Not that it's going to inhibit the production of pre-packaged commentaries, but we think it's worth pointing out that maybe the standard American labour market take - that participation decreases during recessions as job seekers become discouraged - doesn't exactly apply to Spain. In fact, it might be appropriate to believe that employment gains at the young end of the scale might produce an inordinately large drop in active population, and that the consequent extra decline in the unemployment rate is a Good Thing - not a fantabulous evil conspiracy designed to obfuscate the true irremediability of the situation (or, alternately, to give a boost to the credibility of the commentator noting it). After all, there is some evidence here that each job loss produced one-point-something job seekers over the course of the last six years. If you want, you can see a scatter plot of the same series here.
Lastly, I don't have any trouble convincing myself that the giant warehouse of human availability known as 'the unemployed' is operated on a FIFO basis - first in, first out. In order, the collapse of the building industry hit participants like this:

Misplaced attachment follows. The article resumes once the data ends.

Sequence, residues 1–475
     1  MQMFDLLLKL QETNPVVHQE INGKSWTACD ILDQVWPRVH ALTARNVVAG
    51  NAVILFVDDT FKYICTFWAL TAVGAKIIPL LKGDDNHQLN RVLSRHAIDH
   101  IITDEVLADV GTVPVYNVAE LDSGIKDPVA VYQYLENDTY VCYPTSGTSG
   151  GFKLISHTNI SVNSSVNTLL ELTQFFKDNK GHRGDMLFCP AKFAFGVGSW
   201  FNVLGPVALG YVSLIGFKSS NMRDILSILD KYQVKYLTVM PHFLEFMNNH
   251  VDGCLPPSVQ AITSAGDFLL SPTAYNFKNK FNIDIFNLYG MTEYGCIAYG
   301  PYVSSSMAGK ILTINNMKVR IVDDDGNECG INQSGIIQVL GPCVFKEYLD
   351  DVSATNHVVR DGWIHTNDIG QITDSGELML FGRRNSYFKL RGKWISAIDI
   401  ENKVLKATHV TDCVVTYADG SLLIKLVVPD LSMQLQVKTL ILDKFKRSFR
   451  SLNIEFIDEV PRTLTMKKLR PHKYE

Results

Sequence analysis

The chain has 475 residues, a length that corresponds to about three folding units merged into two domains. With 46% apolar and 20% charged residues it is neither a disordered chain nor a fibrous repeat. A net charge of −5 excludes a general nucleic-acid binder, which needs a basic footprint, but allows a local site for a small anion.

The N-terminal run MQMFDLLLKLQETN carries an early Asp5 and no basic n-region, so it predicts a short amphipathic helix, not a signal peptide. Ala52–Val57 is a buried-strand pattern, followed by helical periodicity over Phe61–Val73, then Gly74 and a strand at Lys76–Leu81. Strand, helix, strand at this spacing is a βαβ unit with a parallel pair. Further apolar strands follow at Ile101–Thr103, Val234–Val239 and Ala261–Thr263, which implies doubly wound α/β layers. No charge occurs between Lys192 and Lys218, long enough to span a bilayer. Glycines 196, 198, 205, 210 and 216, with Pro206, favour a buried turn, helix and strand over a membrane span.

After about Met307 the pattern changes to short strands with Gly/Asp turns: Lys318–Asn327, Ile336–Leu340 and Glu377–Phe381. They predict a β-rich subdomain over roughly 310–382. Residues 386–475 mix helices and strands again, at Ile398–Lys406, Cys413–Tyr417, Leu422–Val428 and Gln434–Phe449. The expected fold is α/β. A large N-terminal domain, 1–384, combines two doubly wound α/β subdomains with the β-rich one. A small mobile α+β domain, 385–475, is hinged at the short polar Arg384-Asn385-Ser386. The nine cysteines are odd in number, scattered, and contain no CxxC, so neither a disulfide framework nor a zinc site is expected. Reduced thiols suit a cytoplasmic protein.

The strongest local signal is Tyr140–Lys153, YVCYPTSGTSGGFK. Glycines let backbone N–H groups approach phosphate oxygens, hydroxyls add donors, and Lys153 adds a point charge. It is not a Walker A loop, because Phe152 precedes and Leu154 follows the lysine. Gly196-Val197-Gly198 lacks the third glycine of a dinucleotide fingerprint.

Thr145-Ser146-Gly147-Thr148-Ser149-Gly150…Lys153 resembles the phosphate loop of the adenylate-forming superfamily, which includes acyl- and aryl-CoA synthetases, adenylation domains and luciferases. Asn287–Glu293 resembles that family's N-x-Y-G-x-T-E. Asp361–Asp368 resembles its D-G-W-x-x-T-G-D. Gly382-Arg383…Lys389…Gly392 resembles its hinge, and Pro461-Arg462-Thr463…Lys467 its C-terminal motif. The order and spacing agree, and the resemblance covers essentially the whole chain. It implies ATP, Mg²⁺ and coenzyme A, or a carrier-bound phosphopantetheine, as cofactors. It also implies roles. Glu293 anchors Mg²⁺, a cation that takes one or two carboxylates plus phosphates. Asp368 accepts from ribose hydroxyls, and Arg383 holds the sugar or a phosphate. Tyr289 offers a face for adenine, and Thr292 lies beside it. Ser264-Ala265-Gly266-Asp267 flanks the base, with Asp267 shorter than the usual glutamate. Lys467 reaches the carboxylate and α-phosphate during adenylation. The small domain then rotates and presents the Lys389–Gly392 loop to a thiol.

1). Illegal, undocumented labour
4). Full-time permanentCruel and unsatisfactory as it may be, recoveries work in reverse order. We know that most official jobs created recently have been of type 2 and 3. The reader can rest assured that the two negative prints at the end of the chart tell us that there's activity in the grey market as well.
A multitude of binary beings populating the noise-o-sphere will likely come to the conclusion that I believe that everything is really alright. It's not. Obviously. I am not threatening your credo.
Also, the invaluable Chris Dillow gives us a couple of object lessons in the interpretation of labour force stats. They can be read here and here. Worth the effort.